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March 6, 2002

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Rec department moving on
Recreation staff working to keep facilities up to par
The Banks County Recreation Department has seen its share of adversity in the past six months.
The department lost its director in October amid controversy of financial mismanagement. Since then, the screws have been tightened and the recreation department has been acting without a director.
But things are starting to turn around. The county’s recreation advisory board has become active once again after more than five years of inactivity.
And the board of commissioners have tentative plans Tuesday to name a new director for the recreation department. With the help of the advisory board, the candidate pool has been narrowed to three: Matthew Poole, Kelly Howington and current department athletic coordinator Trey Donaldson.
But since October, the rec. staff has had to pick up the slack of having one less man.
“Everybody has pitched in,” said county building maintenance man Kenny Crumley, who often assists the rec. staff on construction projects. “From the outside, you never would know the director was gone.”
Phillip Cronic agreed.
“Everybody took up the load,” he said. “And it’s been a big load.”
Donaldson said the entire staff, which includes three full-time and one part-time employee, have come together to work through the difficulties of the past several months.
“Everybody has stepped up and taken the weight of the missing person,” he said. “We’ve worked together and tried to be a team.”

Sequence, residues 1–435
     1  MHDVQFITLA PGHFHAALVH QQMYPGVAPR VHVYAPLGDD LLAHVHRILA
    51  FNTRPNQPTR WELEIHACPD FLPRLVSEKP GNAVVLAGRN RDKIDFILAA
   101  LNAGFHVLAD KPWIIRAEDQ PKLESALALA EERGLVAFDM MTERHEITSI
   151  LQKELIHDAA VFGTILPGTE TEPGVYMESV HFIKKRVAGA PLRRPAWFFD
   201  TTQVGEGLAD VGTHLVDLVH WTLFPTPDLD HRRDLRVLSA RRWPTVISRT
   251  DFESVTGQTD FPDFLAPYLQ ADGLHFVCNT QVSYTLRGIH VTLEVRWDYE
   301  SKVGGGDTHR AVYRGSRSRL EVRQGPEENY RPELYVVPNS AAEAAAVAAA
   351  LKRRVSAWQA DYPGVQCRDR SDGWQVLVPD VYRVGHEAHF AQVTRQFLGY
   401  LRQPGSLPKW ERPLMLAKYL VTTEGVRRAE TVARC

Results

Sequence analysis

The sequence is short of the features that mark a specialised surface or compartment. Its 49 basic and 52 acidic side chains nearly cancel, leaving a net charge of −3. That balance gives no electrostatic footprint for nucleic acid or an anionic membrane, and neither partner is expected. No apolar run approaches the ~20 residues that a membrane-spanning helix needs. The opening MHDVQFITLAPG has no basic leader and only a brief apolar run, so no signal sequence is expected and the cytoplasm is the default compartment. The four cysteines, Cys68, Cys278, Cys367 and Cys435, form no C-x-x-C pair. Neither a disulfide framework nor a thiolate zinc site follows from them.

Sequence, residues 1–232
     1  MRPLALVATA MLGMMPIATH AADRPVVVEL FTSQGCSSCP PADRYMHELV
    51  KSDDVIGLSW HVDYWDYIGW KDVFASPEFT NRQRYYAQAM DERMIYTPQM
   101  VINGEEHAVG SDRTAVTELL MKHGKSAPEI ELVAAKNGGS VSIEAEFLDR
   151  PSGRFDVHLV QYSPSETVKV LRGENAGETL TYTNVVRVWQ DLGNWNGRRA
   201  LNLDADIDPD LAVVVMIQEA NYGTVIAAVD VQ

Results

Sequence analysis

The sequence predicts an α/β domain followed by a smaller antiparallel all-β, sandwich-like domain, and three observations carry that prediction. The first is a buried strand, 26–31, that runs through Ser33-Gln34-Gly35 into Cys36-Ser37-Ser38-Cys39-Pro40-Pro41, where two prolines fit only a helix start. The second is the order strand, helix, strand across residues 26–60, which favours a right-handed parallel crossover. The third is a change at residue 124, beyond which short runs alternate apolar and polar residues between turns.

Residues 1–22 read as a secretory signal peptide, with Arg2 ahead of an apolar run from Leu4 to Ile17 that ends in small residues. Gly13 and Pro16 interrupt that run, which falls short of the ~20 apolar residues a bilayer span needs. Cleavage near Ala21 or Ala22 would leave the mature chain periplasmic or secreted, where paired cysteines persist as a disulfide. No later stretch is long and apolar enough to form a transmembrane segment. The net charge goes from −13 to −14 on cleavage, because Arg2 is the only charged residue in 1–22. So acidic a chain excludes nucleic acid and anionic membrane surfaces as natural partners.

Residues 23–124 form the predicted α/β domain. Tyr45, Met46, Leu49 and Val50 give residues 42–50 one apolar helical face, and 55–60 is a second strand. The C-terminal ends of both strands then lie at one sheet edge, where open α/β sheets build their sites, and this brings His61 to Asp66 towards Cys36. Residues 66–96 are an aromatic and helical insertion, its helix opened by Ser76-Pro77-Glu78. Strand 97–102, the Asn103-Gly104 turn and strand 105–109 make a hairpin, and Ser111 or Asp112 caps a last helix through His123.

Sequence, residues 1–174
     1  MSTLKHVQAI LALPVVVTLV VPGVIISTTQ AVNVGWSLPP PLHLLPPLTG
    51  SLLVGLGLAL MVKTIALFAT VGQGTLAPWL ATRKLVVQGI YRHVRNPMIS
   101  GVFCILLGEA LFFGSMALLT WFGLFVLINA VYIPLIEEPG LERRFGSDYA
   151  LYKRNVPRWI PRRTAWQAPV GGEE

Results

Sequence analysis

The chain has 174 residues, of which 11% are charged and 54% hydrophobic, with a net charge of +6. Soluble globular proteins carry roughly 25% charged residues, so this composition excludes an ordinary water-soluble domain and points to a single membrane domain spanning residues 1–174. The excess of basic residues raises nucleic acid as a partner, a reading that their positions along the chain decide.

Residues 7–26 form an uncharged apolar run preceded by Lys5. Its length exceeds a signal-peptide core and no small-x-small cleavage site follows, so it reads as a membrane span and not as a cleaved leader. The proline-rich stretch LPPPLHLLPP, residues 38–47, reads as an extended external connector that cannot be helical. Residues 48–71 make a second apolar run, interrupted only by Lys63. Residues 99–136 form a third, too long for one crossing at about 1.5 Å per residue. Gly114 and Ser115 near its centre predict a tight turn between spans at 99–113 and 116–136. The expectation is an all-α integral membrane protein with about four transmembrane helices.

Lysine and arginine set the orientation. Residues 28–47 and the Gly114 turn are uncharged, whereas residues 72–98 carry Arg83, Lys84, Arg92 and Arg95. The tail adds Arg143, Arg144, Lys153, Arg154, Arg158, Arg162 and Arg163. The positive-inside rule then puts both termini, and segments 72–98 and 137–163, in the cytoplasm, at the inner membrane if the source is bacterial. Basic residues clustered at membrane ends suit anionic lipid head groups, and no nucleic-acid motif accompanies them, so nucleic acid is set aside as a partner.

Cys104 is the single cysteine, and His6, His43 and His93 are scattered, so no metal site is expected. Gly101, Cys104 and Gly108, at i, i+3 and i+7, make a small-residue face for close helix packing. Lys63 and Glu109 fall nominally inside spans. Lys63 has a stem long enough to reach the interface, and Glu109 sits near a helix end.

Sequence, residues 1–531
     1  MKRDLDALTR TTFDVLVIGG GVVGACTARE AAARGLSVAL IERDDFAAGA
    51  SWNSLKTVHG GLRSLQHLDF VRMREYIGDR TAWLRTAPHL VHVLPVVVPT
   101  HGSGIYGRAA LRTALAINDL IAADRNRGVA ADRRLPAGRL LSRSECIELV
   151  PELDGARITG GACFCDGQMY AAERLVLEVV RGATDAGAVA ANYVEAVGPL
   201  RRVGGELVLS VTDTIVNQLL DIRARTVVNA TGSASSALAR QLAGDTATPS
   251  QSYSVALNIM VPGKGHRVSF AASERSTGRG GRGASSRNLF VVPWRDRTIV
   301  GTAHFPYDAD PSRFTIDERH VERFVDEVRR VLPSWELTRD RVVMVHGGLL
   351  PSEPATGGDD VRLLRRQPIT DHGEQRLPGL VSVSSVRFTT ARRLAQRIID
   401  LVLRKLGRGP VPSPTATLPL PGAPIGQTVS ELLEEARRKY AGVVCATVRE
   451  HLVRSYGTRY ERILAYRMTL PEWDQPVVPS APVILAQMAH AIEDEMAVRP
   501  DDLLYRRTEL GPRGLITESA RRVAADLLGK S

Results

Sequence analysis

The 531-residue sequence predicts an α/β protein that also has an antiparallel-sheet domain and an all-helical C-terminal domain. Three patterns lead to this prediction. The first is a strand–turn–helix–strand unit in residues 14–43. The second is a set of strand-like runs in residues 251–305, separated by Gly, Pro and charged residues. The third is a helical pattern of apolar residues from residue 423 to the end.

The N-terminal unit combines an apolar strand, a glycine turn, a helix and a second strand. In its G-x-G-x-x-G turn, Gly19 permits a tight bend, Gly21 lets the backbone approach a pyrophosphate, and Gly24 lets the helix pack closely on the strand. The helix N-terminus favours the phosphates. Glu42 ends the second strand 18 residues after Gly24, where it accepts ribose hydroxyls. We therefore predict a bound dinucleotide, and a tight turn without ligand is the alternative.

The recreation department has undergone a dramatic facelift over the past several years. This summer, the department finished a large project renovating many of the fields at the complex.
The staff added new fencing on the fields and put in new outfield sod and irrigation systems. An old tee-ball field was also filled in and a new tee-ball field and multi-purpose field added in its place.
“We helped the high school track team with the sand jump pit at the track,” Donaldson said. “We also helped level up the shot and discus area.”
The staff has also made big improvements to the large baseball field at the complex, the one the high school baseball team plays on. The field has new sod, a new irrigation system and a warning track. The staff also lowered the fence and filled in the low spots in the field.
All of their work has been for one reason: the kids.
“We’re trying to provide the safest and most pleasant playing environment,” Donaldson said. “When people drive up here, we want them to be like ‘Wow, these are nice facilities.’ We want the kids to be able to play on good quality fields. Recreation is supposed to be fun and if the fields are nice, they’re a lot funnier to play on.”